The fifth column in the coronavirus war

The fifth column in the coronavirus war

The war on the coronavirus is global – it could be described as WWIII – in the sense that no country has managed to escape unscathed from it. It is more reminiscent of WWI, a war which was fought by soldiers in trenches, than of WWII with its spirited armored raids and vast landing operations. It is hoped that the discovery of the Covid-19 vaccine (or different Covid-19 vaccines) will have the impact of an atomic bomb, ending the spread of the disease. However, the rekindling of the pandemic every time a country eases its restrictions does not allow for any safe predictions about when it will finally come to an end. For the time being, it’s like two sides attacking each other, trying to steal a few meters of territory from one another.

In Greece, the war being waged by health experts, government officials and reasonable citizens is being undermined by the machinations of a fifth column. The group’s makeup is diverse. However, its members’ opposition to or violation of (whether intentional or not) the measures designed to curb the pandemic ultimately serves one outcome: undermining public health.

The Church of Greece does not officially oppose the coronavirus restrictions. However, the tone is being set by its prelates and priests – many of them clearly are swayed by conspiracy theories, while others seem to be playing power games inside their ecclesiastical circle – who claim that the Orthodox religion is being persecuted by the state measures. Not only are they refusing to cooperate with state authorities but they have even vowed to defy the measures. Meanwhile, they enjoy considerable influence among large swathes of the population, particularly in more tightly knit communities, as well as among political circles.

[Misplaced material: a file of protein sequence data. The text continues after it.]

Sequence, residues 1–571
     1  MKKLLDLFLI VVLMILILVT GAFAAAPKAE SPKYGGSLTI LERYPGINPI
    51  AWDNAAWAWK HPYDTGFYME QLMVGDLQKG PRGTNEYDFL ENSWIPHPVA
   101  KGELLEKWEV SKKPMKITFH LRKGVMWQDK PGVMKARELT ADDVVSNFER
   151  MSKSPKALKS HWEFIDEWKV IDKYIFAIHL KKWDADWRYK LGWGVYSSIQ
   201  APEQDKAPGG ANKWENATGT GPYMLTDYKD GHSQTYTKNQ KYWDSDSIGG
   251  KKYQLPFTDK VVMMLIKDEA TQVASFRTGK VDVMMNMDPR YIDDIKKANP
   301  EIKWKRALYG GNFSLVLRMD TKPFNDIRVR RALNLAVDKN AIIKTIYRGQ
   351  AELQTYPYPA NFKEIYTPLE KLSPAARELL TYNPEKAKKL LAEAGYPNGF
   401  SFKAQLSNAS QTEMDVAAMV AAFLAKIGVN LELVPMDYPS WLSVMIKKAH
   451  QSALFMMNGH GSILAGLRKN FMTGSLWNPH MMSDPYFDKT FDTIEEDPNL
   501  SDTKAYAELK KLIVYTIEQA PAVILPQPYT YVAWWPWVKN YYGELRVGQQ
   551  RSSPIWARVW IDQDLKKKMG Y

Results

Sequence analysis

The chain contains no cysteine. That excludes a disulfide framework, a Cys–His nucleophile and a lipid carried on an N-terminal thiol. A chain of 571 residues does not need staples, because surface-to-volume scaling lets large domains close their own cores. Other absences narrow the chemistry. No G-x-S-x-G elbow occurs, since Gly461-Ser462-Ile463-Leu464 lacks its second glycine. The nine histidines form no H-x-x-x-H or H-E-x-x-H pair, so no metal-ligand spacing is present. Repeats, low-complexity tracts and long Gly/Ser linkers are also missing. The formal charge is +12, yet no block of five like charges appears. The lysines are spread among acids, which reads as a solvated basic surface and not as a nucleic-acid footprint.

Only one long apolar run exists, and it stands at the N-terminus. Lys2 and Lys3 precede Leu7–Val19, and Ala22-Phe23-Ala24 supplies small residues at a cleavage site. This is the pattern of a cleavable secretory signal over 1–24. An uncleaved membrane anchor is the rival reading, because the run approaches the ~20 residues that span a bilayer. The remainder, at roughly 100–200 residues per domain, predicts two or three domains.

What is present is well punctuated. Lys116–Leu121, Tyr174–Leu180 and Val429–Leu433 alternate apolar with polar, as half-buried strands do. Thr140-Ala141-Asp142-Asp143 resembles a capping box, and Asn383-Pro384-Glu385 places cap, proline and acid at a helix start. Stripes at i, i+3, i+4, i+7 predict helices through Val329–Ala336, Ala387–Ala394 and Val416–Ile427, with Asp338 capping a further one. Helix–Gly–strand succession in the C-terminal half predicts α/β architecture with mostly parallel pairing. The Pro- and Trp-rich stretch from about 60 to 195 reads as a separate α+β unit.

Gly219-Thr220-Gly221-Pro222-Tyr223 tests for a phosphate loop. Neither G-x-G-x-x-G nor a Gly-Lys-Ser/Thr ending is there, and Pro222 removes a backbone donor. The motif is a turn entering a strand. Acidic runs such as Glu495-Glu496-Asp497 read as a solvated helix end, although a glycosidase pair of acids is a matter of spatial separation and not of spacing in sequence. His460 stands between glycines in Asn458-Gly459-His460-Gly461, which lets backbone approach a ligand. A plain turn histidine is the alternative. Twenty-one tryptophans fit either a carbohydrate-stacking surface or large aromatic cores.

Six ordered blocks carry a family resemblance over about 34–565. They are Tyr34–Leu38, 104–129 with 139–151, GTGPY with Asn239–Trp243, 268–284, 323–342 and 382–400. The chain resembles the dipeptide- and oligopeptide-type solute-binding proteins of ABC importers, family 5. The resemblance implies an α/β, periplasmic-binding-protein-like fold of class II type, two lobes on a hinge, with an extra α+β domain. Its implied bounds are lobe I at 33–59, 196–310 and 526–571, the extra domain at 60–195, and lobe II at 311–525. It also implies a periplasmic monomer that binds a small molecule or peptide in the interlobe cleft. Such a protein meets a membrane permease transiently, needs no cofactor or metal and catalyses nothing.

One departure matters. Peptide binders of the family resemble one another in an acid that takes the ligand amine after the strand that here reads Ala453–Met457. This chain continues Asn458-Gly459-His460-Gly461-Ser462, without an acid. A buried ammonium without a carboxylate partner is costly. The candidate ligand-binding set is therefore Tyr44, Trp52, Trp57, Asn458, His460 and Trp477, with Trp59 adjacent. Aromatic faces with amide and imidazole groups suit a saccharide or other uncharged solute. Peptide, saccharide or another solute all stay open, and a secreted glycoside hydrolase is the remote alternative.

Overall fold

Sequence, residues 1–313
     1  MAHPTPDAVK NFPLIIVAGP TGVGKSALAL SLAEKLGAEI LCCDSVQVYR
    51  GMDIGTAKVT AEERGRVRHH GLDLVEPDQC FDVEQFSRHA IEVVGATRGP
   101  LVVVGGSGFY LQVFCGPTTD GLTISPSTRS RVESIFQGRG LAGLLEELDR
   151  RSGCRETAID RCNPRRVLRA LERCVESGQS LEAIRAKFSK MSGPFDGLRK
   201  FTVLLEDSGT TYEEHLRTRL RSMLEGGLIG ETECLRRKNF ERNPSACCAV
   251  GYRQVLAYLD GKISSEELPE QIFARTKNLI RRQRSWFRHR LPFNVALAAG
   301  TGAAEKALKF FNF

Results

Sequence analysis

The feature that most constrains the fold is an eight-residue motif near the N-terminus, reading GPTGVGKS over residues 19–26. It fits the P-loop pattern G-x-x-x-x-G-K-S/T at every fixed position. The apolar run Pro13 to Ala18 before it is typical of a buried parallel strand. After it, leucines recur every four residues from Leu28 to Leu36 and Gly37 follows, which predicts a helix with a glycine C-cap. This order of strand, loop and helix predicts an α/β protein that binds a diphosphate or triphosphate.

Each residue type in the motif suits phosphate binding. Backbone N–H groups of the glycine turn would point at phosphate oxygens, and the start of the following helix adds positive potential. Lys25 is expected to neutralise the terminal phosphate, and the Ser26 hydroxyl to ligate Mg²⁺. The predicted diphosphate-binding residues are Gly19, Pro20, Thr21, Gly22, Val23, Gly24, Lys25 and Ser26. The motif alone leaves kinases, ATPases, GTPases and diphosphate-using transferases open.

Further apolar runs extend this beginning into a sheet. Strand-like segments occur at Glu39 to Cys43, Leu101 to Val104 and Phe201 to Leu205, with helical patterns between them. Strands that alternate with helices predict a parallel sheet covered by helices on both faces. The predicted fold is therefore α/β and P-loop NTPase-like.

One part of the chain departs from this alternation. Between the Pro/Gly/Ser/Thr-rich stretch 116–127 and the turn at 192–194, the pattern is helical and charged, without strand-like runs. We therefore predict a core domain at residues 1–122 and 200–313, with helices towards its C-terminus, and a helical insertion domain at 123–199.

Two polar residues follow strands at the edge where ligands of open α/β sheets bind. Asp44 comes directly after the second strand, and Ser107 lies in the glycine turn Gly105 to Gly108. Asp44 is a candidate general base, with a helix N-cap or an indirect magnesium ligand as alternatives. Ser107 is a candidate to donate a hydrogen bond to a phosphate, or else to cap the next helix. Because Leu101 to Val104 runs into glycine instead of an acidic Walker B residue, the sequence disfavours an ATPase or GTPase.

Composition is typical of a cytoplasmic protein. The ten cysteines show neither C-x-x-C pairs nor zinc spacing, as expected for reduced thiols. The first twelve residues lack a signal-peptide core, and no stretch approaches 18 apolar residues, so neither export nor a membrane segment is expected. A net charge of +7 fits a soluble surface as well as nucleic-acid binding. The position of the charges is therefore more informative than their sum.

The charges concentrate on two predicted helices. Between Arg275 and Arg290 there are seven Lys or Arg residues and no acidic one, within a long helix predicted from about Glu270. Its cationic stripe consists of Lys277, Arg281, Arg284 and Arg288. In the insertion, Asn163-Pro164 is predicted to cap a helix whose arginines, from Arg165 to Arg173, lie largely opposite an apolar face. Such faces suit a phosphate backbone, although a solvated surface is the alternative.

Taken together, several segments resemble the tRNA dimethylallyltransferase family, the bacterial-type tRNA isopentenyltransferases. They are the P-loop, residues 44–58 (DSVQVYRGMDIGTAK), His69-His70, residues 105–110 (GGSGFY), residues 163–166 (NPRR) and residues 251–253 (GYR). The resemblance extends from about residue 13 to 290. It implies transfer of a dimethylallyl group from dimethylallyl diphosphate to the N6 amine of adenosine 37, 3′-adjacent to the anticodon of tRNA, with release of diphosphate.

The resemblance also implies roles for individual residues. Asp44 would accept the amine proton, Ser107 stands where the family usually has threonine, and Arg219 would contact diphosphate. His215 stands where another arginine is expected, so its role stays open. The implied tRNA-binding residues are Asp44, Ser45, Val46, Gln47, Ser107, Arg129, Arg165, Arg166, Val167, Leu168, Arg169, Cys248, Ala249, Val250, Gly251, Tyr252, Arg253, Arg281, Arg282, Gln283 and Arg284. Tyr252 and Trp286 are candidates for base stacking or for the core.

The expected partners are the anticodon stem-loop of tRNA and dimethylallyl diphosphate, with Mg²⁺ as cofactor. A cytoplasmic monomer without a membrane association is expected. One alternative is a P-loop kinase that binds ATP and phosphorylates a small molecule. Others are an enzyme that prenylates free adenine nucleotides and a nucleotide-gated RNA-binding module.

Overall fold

A similar attitude is displayed by the country’s Roma population, although they are not acting in tandem with the Church. From the onset of the pandemic, it was clear that the lifestyle of much of the Roma community would contribute to the spread of the virus. Many of its members actively defy the law and order framework, a fact that the Greek state has silently tolerated ever since its establishment. It is a known fact that the recent surge of the virus in western Attica is attributed mainly to Roma mobility in the wider area. The same has been the case in Larissa in central Greece and other parts of the country with large Roma populations. Their indifference or objections to rules is now also combined with a rise in crime.

The hard core of the fifth column, however, is of course the country’s young people, many of whom appear indifferent or reactionary towards the measures because of their age. They are joined by conspiracy theorists and Covid-19 deniers who often share ground with far-left and far-right activists. Kyriakos Velopoulos, the leader of the Greek Solution party, has tried to galvanize this section of society, also by using his program on television, where he promotes his alleged miracle drugs. Underestimating his influence and impact would be a mistake on many levels.

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